A girl draws a door on her bedroom wall with a red crayon, and steps into a world of fantasy and imagination.
Love Monster, a slightly hairy monster trying to fit in with the Cutesville's cuddly residents, finally sets out to find someone who will love him just the way he is.
There is only one rule in Larry's book: don't push the button. Seriously, don't even think about it. [Lexile: 190] (Read a staff review of this title!)
In this wordless picture book, Hank finds an egg all alone on the forest floor. Spotting its home high up in a tree, Hank diligently tries to return the egg to its nest. (Read a staff review of this title!)
Featuring transparent acetate pages, this introduction to basic color concepts helps kids discover what happens when colors are blended together.
Not every book needs you to tap it, shake it, jiggle it or even blow it a kiss, but this book asks you to help one lonely tree change with the seasons.
A cumulative, rhyming tale of an ordinary pig who leaps out of his boy's arms at a state fair and wallows in color after color, turning himself into a work of art.
It's not easy being seen. Especially when you're NOT like everyone else. Especially when what sets you apart is YOU. Exclamation mark learns that being different can be very exciting! [Lexile: 90] (Read a staff review of this title!)
This book celebrates the joys of imagination and the comfort of always knowing "you are loved."
Farmer Brown's cows have discovered an old typewriter and are starting to make demands! They soon go on strike, sending an impartial party (the duck) to mediate a compromise between the cows and their poor farmer. [Lexile: 160]
Spend a day with Olivia the pig and enjoy dressing up, singing songs, building sand castles, dancing and maybe even sleeping a little. [Lexile: 270]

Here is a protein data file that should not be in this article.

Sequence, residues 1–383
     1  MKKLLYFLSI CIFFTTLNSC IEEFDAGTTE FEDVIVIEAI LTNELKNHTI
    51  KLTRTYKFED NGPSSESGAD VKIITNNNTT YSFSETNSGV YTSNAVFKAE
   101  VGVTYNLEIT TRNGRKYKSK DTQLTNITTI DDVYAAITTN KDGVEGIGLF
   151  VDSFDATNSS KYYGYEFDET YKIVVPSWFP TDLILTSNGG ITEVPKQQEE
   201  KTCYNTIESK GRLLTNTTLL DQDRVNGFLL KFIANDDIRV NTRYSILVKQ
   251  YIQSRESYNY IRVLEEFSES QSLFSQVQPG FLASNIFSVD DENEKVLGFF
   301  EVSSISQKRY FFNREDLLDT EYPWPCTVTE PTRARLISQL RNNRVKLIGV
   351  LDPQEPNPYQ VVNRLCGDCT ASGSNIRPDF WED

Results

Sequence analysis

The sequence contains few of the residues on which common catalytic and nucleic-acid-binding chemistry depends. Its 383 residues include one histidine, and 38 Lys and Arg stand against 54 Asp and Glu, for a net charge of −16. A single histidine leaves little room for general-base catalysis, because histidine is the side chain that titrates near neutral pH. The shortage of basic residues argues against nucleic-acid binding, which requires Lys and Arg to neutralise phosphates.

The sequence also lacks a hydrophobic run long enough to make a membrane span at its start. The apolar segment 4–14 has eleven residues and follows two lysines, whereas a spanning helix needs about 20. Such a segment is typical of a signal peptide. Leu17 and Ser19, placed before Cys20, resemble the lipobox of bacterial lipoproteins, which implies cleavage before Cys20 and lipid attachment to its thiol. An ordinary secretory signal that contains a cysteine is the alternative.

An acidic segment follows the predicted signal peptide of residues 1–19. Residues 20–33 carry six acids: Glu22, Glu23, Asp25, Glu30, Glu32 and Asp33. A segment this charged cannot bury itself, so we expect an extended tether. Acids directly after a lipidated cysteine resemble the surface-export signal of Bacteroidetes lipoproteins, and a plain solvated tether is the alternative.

"Bark, George," says George's mother, and George says: "Meow," which definitely isn't right because George is a dog. What's going on with George? [Lexile: 130]
In this lively alphabet rhyme, all the letters of the alphabet race each other up the coconut tree. Will there be enough room? [Lexile: 530]
Skippyjon Jones is a Siamese kitty who'd rather be a Chihuahua, and escapes time-outs through his imagination. [Lexile: 740]
When David Shannon was five years old, he wrote and illustrated his first book. On every page were the words NO, DAVID! with a picture of David doing something he was not supposed to do.
Trixie, Daddy and Knuffle Bunny take a trip to the neighborhood laundromat, but the exciting adventure takes a dramatic turn when Trixie realizes somebunny was left behind. [Lexile: 120]
A compendium of cool projects, exciting games and fun quizzes kids can do inside or outside.
With full-page color photos and a spare, interactive text, this small picture book in the Learn About series uses hands-on, everyday examples to explain basic physics. [Lexile: 380]
A fun, game-style look at how animals use camouflage to survive in their habitats.
This visual exploration of America's early railroads, examines the sounds, speed and strength of transcontinental locomotives and the experiences of pioneering travelers. [Lexile: 840]
When Suryia the orangutan first meets Roscoe, a stray dog, they immediately become best friends. [Lexile: 430]
Illustrations and minimal text relate the familiar fable of the race between a slow tortoise and a quick, but foolish, hare.
This witty, stylish biography of Teddy Roosevelt's daughter, Alice, is a great introduction to biographies and reads like an engaging picture book. [Lexile: 800]
revised May 2014
Lexile measures indicate the difficulty of a text. The higher the number, the more difficult a text.
Students may take a test to learn their Lexile reader measure, which they can match against a text's measure to find books that they are more likely to understand.
Learn more about the The Lexile Framework for Reading.